Kabul (Reuters) – U.S. special envoy Zalmay Khalilzad arrived in Kabul on Wednesday in a bid to breath new life into efforts to end the war in Afghanistan, discussing with President Ashraf Ghani steps that could lead to a ceasefire and a peace deal, Washington and Kabul said.
After his visit to Kabul, Khalilzad will to fly to Qatar to meet Taliban negotiators, the State Department said.
The Qatar meeting appeared to be a continuation of several weeks of informal talks and not a resumption of the formal negotiations on a U.S. troop withdrawal accord that U.S. President Donald Trump terminated in September.
“The two sides will rejoin the discussion on how to reduce violence,” said a State Department spokeswoman.
Trump cancelled the formal negotiations as the sides neared a deal for withdrawal of thousands of U.S. troops in return for Taliban assurances that al Qaeda and other militant groups did not use Afghanistan as a base to attack the United States and its allies.
The deal would have been followed by negotiations on a political settlement between the Taliban and a delegation of government officials, civil society leaders and others.
Trump met Ghani during a surprise Thanksgiving visit to U.S. forces at Bagram Airfield last week, raising hopes for resumption of efforts to end the insurgency the Taliban have waged since being ousted from power by the 2001 U.S.-led invasion.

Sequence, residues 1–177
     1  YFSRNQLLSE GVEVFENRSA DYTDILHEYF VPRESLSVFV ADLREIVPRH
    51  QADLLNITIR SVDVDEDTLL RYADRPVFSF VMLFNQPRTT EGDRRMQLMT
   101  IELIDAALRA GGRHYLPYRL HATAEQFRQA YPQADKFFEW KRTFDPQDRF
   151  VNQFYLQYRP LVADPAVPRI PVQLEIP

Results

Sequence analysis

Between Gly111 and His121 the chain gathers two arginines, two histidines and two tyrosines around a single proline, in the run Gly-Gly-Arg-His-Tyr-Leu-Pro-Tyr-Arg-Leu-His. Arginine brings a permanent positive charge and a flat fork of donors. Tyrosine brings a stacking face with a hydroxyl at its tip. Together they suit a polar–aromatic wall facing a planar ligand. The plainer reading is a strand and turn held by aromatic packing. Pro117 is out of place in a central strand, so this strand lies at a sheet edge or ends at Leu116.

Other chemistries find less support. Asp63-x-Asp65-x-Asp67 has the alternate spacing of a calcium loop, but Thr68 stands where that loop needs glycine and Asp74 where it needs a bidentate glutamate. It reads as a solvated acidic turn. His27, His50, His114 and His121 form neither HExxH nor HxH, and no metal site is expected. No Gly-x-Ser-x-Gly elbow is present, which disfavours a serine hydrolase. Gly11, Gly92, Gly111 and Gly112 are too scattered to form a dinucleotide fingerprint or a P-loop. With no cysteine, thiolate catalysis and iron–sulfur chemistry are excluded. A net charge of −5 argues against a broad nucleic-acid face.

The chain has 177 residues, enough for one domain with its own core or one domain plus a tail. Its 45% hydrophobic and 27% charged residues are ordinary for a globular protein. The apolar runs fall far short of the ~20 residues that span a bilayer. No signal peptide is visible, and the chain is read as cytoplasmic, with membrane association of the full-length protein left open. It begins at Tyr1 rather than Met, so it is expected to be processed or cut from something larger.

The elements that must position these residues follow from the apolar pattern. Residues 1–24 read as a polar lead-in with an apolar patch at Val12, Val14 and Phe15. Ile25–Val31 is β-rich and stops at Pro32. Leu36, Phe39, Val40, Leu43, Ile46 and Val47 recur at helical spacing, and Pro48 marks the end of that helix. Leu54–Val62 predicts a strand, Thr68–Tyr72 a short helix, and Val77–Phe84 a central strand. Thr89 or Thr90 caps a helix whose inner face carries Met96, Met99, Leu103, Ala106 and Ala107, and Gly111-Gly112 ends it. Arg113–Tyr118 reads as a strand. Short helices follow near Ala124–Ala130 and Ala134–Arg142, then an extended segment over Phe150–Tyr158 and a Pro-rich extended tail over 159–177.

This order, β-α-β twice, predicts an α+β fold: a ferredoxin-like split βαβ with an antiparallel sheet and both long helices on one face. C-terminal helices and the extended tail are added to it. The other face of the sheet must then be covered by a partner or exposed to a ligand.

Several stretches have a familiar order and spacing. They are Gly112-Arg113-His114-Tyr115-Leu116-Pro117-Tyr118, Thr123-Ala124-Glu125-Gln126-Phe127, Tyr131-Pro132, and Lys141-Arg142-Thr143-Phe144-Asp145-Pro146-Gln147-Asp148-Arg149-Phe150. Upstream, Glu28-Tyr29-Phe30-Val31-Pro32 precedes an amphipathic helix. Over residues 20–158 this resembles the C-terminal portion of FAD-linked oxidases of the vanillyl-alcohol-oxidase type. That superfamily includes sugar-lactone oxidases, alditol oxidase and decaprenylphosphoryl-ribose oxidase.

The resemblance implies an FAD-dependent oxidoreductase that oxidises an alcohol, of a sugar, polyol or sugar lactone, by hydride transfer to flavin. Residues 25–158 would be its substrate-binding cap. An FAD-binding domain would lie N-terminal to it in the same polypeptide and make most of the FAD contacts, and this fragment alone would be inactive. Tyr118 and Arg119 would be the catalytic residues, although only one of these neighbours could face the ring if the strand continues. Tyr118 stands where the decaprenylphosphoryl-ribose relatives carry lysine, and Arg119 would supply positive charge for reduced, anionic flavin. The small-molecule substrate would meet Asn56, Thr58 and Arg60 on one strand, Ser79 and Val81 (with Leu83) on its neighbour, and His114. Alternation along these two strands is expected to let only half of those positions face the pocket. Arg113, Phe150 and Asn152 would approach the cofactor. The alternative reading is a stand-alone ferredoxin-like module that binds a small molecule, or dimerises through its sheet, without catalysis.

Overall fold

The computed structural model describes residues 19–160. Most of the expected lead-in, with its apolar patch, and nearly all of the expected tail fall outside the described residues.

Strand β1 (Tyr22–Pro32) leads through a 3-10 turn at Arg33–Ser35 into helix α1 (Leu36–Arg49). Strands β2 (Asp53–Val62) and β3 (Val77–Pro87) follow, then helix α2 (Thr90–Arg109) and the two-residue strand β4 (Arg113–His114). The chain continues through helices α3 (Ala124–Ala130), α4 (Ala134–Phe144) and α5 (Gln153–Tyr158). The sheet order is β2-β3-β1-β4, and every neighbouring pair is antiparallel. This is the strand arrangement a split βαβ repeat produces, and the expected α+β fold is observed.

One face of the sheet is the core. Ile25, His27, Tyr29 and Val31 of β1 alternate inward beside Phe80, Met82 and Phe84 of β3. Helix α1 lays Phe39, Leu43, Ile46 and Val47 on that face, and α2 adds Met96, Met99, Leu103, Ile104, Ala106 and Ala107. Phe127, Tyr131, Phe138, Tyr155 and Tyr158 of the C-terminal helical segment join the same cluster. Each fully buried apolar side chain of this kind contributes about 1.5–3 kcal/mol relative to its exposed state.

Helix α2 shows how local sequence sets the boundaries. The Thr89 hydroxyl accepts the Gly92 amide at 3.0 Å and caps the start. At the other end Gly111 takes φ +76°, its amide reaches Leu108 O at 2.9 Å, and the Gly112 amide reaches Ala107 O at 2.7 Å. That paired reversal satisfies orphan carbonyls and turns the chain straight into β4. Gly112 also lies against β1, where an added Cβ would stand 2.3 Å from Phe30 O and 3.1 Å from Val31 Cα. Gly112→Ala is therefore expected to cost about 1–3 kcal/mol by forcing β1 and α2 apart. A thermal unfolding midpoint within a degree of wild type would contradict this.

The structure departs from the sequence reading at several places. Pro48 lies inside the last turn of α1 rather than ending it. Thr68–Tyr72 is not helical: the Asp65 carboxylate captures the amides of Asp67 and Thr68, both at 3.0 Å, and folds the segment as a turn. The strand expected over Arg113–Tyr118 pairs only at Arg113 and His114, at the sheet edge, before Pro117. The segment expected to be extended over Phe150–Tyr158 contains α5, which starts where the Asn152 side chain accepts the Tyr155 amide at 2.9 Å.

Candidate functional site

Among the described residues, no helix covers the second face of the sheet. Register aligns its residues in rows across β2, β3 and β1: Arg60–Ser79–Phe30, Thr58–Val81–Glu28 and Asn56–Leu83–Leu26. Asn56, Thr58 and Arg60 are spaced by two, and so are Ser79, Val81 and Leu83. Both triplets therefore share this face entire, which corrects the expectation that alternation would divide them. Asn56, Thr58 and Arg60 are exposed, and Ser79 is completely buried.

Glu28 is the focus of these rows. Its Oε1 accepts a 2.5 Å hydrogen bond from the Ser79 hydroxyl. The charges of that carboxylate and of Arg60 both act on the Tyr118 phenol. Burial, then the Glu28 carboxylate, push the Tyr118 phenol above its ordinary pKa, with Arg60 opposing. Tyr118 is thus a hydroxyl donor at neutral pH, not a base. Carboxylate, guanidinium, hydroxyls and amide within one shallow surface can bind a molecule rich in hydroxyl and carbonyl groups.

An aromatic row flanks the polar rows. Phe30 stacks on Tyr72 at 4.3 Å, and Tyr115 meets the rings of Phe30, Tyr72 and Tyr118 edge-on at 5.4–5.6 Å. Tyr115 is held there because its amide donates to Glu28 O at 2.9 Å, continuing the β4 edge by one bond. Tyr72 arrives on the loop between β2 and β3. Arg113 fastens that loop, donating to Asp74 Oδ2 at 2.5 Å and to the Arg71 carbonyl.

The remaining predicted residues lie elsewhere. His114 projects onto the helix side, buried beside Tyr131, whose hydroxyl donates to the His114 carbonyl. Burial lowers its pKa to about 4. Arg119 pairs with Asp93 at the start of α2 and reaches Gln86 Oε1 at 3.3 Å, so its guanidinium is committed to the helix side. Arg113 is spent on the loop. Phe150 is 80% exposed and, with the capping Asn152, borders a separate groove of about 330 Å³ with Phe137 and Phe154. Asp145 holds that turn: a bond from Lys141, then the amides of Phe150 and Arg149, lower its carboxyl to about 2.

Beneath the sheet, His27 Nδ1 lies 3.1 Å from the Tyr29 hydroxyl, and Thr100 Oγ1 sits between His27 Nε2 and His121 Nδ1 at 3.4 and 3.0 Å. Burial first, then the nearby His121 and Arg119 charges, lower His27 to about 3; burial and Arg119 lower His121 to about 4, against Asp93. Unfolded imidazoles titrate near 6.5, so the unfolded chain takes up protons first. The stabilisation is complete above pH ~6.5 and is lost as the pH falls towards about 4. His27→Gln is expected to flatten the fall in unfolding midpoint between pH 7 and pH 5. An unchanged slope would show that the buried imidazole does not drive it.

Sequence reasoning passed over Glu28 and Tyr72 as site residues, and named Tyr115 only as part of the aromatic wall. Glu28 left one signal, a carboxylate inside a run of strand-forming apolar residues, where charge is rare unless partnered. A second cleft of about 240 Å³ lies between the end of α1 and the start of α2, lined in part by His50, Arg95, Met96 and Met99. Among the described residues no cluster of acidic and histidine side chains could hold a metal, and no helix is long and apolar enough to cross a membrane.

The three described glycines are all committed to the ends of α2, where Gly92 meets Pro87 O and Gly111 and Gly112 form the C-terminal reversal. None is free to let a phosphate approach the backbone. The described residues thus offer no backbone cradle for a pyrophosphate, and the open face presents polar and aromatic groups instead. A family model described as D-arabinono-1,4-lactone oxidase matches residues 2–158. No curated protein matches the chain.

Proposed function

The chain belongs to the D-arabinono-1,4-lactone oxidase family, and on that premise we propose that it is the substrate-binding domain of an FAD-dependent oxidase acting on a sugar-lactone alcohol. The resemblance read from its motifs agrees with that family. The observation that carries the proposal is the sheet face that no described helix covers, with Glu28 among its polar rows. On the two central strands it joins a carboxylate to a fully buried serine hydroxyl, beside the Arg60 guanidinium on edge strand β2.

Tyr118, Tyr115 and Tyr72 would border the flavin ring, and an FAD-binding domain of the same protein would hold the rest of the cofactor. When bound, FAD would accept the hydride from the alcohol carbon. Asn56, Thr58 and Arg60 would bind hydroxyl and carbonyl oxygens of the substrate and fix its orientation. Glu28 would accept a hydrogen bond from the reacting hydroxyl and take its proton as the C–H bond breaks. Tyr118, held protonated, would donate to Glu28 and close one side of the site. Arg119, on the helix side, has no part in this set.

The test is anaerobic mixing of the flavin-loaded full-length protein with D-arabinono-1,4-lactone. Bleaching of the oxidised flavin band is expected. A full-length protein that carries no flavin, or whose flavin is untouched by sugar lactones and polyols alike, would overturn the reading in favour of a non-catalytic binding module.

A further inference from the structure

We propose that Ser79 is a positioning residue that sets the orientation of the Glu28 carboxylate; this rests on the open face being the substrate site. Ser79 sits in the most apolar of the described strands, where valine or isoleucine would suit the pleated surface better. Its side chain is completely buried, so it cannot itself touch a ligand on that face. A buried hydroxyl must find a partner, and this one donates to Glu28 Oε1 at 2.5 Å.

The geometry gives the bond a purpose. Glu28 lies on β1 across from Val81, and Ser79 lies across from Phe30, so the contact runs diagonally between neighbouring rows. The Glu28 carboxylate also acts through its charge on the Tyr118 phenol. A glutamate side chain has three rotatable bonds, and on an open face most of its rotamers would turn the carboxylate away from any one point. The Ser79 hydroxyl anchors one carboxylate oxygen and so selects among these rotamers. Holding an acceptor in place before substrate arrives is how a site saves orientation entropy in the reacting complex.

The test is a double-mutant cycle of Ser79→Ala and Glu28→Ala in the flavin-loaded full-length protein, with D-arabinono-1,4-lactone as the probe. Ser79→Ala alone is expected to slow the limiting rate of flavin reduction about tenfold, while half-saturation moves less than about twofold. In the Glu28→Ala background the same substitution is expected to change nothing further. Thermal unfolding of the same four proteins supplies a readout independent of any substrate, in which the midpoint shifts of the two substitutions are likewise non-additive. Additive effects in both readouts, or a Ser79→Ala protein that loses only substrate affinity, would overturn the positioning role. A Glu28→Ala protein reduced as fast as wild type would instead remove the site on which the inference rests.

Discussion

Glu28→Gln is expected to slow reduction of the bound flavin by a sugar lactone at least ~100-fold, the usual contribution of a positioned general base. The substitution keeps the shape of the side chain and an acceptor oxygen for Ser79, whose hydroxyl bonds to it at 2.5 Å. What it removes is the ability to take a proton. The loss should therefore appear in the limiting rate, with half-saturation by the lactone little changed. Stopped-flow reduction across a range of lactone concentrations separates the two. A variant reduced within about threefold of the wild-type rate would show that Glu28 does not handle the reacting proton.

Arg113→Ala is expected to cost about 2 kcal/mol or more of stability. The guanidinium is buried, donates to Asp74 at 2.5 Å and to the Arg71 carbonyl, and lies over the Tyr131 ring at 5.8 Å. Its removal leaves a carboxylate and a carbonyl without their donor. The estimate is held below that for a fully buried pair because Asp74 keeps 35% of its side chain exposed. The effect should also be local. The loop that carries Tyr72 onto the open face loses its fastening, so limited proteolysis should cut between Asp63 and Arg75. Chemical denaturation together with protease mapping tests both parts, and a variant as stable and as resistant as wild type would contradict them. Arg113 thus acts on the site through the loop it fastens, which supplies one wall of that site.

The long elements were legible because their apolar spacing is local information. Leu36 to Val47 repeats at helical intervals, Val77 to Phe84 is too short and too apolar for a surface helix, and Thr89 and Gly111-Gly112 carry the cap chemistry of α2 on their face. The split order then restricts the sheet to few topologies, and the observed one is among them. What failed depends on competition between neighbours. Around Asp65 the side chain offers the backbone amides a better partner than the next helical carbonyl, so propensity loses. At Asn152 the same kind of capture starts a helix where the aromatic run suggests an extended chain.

The chances of reviving negotiations, however, remain doubtful. The Taliban has refused to engage with what they denounce as Ghani’s “illegitimate puppet regime,” and rejected a ceasefire while talks are underway.
Kabul says it is ready to revive talks. But it has rejected the previous format under which Khalilzad excluded Afghan officials from U.S. troop withdrawal negotiations.
Afghan officials also are pressing for a sequence that would see a ceasefire, direct talks with the Taliban and a security guarantee, and only then U.S. troop withdrawals – a formula that Taliban leaders strongly reject.
“We will not announce any ceasefire before a deal with the U.S., and secondly we will not agree to hold any meetings with the Afghan government before that,” a senior Taliban official told Reuters.
A spokesman for the U.S. Embassy in Kabul did not respond to a request for comment.
Khalilzad and Ghani discussed issues “pertaining to a ceasefire as well as the issue of the Taliban’s sanctuaries outside of Afghanistan,” a government statement said, referring to the insurgents’ safe haven in Pakistan.
Khalilzad appeared to be seeking a ceasefire formula acceptable to the Taliban, who previously agreed only to a reduction in violence.
He will discuss with the Taliban “steps that could lead to intra-Afghan negotiations and a peaceful settlement of the war, specifically a reduction in violence that leads to a ceasefire,” the State Department said.